The affair, p.16
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       The Affair, p.16

         Part #16 of Jack Reacher series by Lee Child
 
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Chapter Sixteen

 

  46

  I padded downstairs barefoot, wearing only my pants. I took the call alone in the back office behind the reception counter, as before. It was Karla Dixon on the line. My old colleague. The financial wizard. She had been a founding member of the original 110th Special Unit. My second pick, after Frances Neagley. I guessed Stan Lowrey had passed on my question about money from Kosovo, and Dixon was calling back direct, to save time.

  I asked, "Why did you have to say you were my fiancee?"

  She asked back, "Why, did I interrupt something?"

  "Not exactly. But she heard. "

  "Elizabeth Deveraux? Neagley told us about her. You two are getting it on already?"

  "And now I've got some explaining to do. "

  "You need to take care there, Reacher. "

  "Neagley always thinks that. "

  "This time she's right. The sergeants' network is all lit up. Red hot. Deveraux is being checked out, big time. "

  "I know that," I said. "Garber already told me. Waste of time. "

  "I don't think so. It all suddenly went quiet. "

  "Because there's nothing there. "

  "No, because there is. You know how bureaucracy works. It's easy to say no. Silence means yes. "

  "What would they find if they checked you out?"

  "Plenty. "

  "Or me?"

  "I hate to think. "

  "So there you go," I said. "Nothing to worry about. "

  "Believe me, there's something wrong there, Reacher. I mean it. Maybe something real big. My advice would be to stay away from her. "

  "Too late for that. I don't buy it, anyway. She was a good little jarhead. "

  "Who told you that?"

  "She did. "

  Silence on the line.

  I said, "What else?"

  Dixon said, "There's no money coming out of Kosovo. None at all. Whoever's worrying about that is on a wild goose chase. It's not a factor. "

  "You sure?"

  "Completely. "

  "They're wondering if Joe is telling me anything. "

  "Wild goose chase," she said again. "Treasury wouldn't know, anyway. Unless it was billions and billions. Which it isn't. It isn't even dollars and cents. It's nothing. Someone's panicking, that's all. They're thrashing around. They're looking for something that isn't there. "

  "OK, good to know," I said. "Thanks. "

  "That was the good news," she said.

  "What's the bad news?"

  "Related information," she said. "A friend of a friend got into the Kosovo files, and they're plenty thick right now. "

  "With what?"

  "Among other things, two local women disappeared without a trace. "

  Dixon told me that over the last year two Kosovan women had simply vanished. There was no local explanation. No family troubles. Both were unmarried. Both had been within range of the U. S. Army's local footprint. Both had fraternized.

  "Girlfriend material," Dixon said.

  "Good looking?" I asked.

  "I didn't see photographs. "

  I asked, "Was there an investigation?"

  "Under the radar," Dixon said. "We're not there at all, remember, as far as the rest of the world is concerned. So they flew a guy in from Germany. Supposedly on his way to Italy for some NATO crap, but Kosovo was the real destination. The travel arrangements are still on file. "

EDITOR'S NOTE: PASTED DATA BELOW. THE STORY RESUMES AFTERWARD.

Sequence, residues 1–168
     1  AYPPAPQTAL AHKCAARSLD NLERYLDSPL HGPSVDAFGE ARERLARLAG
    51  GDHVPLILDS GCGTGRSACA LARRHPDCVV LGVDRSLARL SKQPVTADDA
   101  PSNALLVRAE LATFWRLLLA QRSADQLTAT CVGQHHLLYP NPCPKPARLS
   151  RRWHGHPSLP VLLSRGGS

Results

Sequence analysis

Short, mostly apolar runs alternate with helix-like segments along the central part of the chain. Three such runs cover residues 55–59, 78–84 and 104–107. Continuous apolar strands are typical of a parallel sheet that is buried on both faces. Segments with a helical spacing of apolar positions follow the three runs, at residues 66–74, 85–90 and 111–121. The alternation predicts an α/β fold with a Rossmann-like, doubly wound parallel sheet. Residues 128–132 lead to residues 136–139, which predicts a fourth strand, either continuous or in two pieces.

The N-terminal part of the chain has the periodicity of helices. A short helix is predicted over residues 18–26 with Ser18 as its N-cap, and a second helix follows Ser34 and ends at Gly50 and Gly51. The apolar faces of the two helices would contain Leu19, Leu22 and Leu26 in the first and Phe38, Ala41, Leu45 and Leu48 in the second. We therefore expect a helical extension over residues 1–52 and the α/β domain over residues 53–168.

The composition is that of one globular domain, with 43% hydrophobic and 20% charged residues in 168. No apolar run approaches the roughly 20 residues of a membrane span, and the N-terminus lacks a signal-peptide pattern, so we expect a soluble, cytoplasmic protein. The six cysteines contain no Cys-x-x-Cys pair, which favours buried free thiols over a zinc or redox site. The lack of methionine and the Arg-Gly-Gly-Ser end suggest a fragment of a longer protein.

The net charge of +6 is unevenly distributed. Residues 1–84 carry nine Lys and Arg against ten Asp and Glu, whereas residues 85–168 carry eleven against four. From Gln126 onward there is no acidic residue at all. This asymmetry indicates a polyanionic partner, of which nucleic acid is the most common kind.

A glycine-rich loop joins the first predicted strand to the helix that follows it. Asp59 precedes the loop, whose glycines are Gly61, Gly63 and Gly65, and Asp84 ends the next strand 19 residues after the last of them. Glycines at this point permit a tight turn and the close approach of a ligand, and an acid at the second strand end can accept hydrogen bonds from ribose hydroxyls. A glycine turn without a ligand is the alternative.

"And?"

  "As a patriotic American you'll be glad to hear that every last member of the U. S. armed forces was as innocent as a newborn baby. No crimes were committed by anyone in uniform. "

  "So the case was closed?"

  "Tighter than a trout's asshole. "

  "Who was the investigator?"

  "Major Duncan Munro. "

  I finished the call with Dixon and went back upstairs. Deveraux wasn't in my room. I padded back to hers and found the door locked. I heard the shower running. I knocked but got no response. So I showered and dressed and went back fifteen minutes later and found nothing but silence. I walked up to the diner, but she wasn't there either. Her car was not in the department lot. So I just stood there on the sidewalk, with nowhere to go, and no one to talk to, and nothing to do, completely unaware that the hour that would change everything had just ticked down from sixty minutes to fifty-nine.

  47

  I loitered on the sidewalk for half of that hour. Mostly I leaned on a wall and didn't move. A professional skill. Necessary in my line of work. I'm good at it. But I know people who are better. I know people who have waited hours or days or weeks for something to happen.

  I was waiting for the old guy with the tape measure to show up and open the shirt shop. Which he did, eventually. I pushed off my wall and crossed the street and followed him inside. He fussed with locks and lights and I made straight for his pile of button-downs. I found the same thing I was wearing and took it to the counter.

  The old guy said, "Stocking up?"

  I said, "No, the first one got dirty. "

  He leaned in and peered at my pocket. I saw his eyes trace the curl of blood. Down and up. He said, "I'm sure that would wash out. Cold water, maybe a little salt. "

  "Salt?"

  "Salt helps with bloodstains. With cold water. Hot water sets them. "

  "I don't think the Toussaint's hotel offers a very sophisticated laundry service," I said. "Actually I don't think they offer any kind of laundry service at all. They don't even offer coffee in the lounge. "

  "You could take the shirt home with you, sir. "

  "How?"

  "Well, in your suitcase. "

  "Easier just to replace it. "

  "But that would be very expensive. "